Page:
Are You Ready For Frog Fishing?
Written By: Cal Kellogg, March 12, 2012
I knew I was playing with fire, but I didn’t care. I picked up the heavy tackle, tied on a Snag Proof Frog and started making casts. When that first titanic surface explosion came the bass got away without a scratch, but I was firmly hooked.
One bite and I became addicted to frog fishing and now it’s frog fishing that I measure all other bass fishing techniques and most other freshwater fishing techniques against. The reason for this is simple. In my opinion, frog fishing for bass is among the most exciting, adrenaline pumping forms of fishing that the freshwater angler can experience.
I know a lot of folks out there in Fish Sniffer Country reading this article have experienced the thrill of frog fishing, but there are likely an equal number that have heard about it, yet have never given it a shot. It’s the anglers that have never experienced the thrill of frog fishing that I’m writing this article for.
If you love fishing and have never tried targeting bass with frogs you’ve simply got to do it. Frog fishing is very basic and aggressive and that is in part where its charm comes from.
When you cast out a frog, you are presenting the bass with a substantial meal that looks to be nimble and readily able to escape. This confronts the bass with a basic problem. It can act quickly and secure a full belly or it can let the opportunity slip away. Will the bass play it safe and sit tight or will it catapult skyward and obliterate the frog? It’s the bass that choose obliteration that sear themselves into our mind’s eye!
So how does a mild mannered bass angler that is accustomed to dead sticking Senkos and slow rolling 2 inch grubs rigged on darter heads get started hunting bass with frogs? The first thing you’ll need is an appropriate rod and reel. Frog fishing requires stout tackle for a few different reasons. First you’ll often be fishing heavy cover. Second you’ll be swinging hard when you set the hook in order to compress the bait and drive the hooks home and finally, frogs have a reputation for bringing the biggest bass available up to the surface. When Mr. Big decides to eat, you want to be loaded for bear!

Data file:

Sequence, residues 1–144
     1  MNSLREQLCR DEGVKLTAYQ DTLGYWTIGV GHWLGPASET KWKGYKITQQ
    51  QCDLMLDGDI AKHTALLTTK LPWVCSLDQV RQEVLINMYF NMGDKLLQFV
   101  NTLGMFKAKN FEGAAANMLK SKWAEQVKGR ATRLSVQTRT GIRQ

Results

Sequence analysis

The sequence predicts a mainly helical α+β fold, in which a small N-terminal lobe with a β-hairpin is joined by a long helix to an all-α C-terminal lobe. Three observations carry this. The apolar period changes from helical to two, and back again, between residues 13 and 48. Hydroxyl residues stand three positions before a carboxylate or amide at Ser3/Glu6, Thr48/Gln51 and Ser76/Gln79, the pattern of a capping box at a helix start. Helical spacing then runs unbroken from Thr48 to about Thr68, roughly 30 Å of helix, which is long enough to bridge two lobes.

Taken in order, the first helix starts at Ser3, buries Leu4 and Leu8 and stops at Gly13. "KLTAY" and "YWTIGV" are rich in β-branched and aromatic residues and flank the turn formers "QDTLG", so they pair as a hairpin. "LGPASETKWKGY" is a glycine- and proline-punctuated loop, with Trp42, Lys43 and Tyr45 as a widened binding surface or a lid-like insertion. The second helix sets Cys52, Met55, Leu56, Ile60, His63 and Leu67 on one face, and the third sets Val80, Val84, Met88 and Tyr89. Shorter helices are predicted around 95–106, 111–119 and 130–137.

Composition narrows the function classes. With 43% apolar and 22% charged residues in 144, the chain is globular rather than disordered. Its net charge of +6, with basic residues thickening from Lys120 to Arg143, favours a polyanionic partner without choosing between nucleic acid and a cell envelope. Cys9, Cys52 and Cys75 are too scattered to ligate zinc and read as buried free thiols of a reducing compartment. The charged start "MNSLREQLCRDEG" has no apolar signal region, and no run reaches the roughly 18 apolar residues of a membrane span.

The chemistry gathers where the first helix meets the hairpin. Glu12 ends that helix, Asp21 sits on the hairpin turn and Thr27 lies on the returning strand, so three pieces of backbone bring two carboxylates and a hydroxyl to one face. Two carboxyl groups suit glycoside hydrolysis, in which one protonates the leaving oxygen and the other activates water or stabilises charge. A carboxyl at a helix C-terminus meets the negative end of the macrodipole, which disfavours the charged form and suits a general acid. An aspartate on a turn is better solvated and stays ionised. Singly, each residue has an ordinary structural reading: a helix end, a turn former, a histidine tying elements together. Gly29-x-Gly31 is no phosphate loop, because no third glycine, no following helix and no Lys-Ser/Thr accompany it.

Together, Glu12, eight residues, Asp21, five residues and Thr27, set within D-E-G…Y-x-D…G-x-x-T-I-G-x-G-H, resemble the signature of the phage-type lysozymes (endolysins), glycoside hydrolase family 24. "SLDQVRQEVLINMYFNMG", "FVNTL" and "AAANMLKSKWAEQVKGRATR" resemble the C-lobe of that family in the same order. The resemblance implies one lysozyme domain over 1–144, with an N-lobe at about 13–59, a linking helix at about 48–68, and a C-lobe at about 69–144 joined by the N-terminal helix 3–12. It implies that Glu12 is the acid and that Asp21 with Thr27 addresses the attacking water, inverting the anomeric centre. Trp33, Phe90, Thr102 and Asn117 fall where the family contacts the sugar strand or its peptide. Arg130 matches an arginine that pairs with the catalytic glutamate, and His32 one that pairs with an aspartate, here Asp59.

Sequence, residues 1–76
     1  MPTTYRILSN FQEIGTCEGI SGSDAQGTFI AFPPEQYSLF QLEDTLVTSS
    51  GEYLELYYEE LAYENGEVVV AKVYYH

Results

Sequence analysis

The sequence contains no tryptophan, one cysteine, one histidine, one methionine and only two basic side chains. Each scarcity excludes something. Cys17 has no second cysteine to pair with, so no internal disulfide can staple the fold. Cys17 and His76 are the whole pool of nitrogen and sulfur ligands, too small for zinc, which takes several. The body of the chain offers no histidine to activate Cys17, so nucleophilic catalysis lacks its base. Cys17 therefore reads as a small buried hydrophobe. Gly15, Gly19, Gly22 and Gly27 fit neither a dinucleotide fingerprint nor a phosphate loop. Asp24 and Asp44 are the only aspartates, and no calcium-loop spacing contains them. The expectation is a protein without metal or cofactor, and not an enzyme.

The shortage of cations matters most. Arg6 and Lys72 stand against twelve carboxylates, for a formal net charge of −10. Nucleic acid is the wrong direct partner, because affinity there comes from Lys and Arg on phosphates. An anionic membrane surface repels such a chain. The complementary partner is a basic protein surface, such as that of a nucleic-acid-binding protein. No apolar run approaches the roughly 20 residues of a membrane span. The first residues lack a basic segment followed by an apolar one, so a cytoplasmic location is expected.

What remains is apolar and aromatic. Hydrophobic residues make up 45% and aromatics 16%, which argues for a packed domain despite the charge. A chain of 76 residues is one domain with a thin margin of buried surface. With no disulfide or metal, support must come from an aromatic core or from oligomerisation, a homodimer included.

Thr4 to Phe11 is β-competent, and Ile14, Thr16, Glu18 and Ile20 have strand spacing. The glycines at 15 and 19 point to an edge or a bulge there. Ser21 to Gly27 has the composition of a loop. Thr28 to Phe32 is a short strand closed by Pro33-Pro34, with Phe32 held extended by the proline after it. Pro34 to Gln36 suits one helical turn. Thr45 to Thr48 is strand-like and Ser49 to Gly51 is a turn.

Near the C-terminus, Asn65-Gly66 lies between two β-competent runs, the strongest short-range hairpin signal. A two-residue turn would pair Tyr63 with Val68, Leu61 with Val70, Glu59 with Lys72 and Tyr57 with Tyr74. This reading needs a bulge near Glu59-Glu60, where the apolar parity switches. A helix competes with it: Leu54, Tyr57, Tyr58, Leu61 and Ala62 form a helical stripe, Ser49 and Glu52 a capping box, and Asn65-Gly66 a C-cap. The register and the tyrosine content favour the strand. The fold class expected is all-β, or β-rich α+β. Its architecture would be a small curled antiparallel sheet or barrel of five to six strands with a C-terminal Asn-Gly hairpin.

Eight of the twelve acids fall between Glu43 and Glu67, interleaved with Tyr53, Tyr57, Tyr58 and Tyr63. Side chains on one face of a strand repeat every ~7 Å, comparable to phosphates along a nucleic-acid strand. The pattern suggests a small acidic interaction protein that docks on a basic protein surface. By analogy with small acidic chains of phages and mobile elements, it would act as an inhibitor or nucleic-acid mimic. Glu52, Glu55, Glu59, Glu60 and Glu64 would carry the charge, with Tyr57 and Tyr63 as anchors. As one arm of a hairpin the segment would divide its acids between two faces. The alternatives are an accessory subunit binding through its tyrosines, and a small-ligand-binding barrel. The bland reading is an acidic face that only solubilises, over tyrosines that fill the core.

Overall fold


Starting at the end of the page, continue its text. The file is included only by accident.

Frog gear consists of a stiff rod in the 7 to 8 foot class with longer being better. Heavy flipping sticks will get the job done, but if your wallet will take the strain, a rod designed for frog fishing will obviously work better.
Match the rod with a high speed high quality baitcaster such as the 7.1 to 1 Abu Garcia Revo. Spool the reel with 65 pound braid and you’re ready to toss your frog into the octagon!
When you get to the store or visit the Snag Proof website you are going to see a confusing array of frogs, but don’t let that shake your confidence. You want to start off with two different frogs, a white or light colored one and a brown or dark colored one, from either Ish Monroe’s Ish’s Phat Frog signature series or Bobby Barrack’s Bobby’s Perfect Frog signature series.
These frogs have many similarities and some notable differences. Both Bobby and Ish are incredible frog fishermen and you won’t go wrong with either bait. Do you want to throw the football like Joe Montana or Brett Farve? ‘NUFF SAID!
Why dark and light colored frogs? When working heavy vegetation I like to use a light colored frog simply because I can see it better against the dark background. When I’m fishing open water I go with a dark colored frog, which gives the bass a solid silhouette to zero in on.
When most folks think of frog fishing they visualize the weedy waters of the Delta or Clear Lake and it’s true that these are places where frogs really shine, but they’ll work in clear water reservoirs like Folsom and Berryessa too. If you are going to explore clear open water go with your light colored frog or go one better and pick up a clear/flake frog.
Okay we’ve got the rod, we’ve got the frogs and now we are out on the water. How do you go about fishing frogs? Do you twitch, twitch, pause and try to imitate the movement of a real frog? While at times a twitch and stop retrieve will work, for the best result you want to go with a steady walk the dog retrieve as much as possible.
To walk your frog point your rod tip down straight at your feet aimed in the direction of the frog. Twitch the rod from 8 o’clock to 6 o’clock with enough slack in the braid to form a belly. If the line is tight when you twitch, the lure will move in a straight line. When there is slack in the line the frog will move from side to side.
When a bass hits the frog some guys set the hook right away while others let the bass have the frog for a beat or two. I tend to let the bass have the frog. When I first see the fish break the water I try not to react at all. I simple keep working the bait and swing hard when I actually FEEL the fish. This can be tough when a splash reminiscent of bowling ball being thrown into the water explodes where your frog used to be!